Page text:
A fertile imagination and a zeal for the unorthodox were two personal qualities of John Steele Zink that have had a lasting impact on Tulsa. While others busied themselves with conforming to someone else’s standards in order to achieve success, the iconoclastic Mr. Zink followed his own instincts resulting in successes that were as big as his ideas. 

Mr. Zink came to Oklahoma Territory from Iowa in 1907.  His family settled in the Norman area.  Following his graduation from the University of Oklahoma, he began a short career with ONG where he quickly learned that life as just one cog in a large corporation was totally against his nature.  He formed his own company in 1928 to manufacture burners that he had invented.  Subsequent technical innovations followed as the company moved its operations to the site of a dairy farm on rural South Peoria in 1935.  The Tulsa-based John Zink Company became the international leader in the combustion field and the company branched out to include environmental control systems.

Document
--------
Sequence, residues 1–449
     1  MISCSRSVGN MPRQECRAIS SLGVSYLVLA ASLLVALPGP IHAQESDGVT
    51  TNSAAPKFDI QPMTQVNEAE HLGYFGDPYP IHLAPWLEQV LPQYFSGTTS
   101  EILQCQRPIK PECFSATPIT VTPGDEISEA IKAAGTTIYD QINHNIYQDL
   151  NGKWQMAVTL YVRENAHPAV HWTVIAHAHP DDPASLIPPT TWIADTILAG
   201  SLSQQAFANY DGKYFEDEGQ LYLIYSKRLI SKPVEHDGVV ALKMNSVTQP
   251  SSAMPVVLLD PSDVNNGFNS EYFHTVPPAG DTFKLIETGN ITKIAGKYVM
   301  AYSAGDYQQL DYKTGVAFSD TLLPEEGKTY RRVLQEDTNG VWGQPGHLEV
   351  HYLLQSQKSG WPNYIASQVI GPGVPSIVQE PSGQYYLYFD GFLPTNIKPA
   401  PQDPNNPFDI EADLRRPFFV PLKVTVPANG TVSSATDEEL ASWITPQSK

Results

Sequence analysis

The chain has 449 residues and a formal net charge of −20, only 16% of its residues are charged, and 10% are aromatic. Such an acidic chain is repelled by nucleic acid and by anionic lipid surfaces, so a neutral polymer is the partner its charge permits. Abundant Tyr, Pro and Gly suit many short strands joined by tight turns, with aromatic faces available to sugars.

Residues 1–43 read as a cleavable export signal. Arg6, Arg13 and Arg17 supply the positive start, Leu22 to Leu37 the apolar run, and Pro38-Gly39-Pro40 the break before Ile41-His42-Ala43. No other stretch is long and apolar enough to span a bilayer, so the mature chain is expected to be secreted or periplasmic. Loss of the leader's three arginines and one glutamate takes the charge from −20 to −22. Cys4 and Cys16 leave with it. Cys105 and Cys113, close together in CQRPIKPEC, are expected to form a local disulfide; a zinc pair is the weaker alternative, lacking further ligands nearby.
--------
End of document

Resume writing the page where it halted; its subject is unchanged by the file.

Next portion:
Mr. Zink’s enormous ambitions were not limited to his business interests.  While his generosity reached all segments of his city and state, his work for the Boy Scouts was monumental.  His vision was to create a natural resource on the 10,000 acre ranch he began assembling in Osage County in the 1940’s.  Mr. Zink created the John Zink Foundation from this ranch, believing the wilderness would help young men develop into the managers of the future.  He could often be seen upon his “vehicle of choice,” a bulldozer, sensitively shaping roadways and campsites in the rocky Osage terrain.  An environmentalist before the word was coined, Mr. Zink preserved an ecosystem which has been adversely affected by the oil industry which had provided him with much of his success.

The exploits of Mr. Zink have become legendary and involve snakes, guns, racecars, and bolo ties.  In each case, the legends reflect the confident determination of a man secure in his beliefs and his desire to make a positive impact on the lives of others.  In 1972 he created and funded the John Steele Zink Foundation, separate from the ranch foundation, to support Arts, education and humanities.

Tulsa Historical Society & Museum
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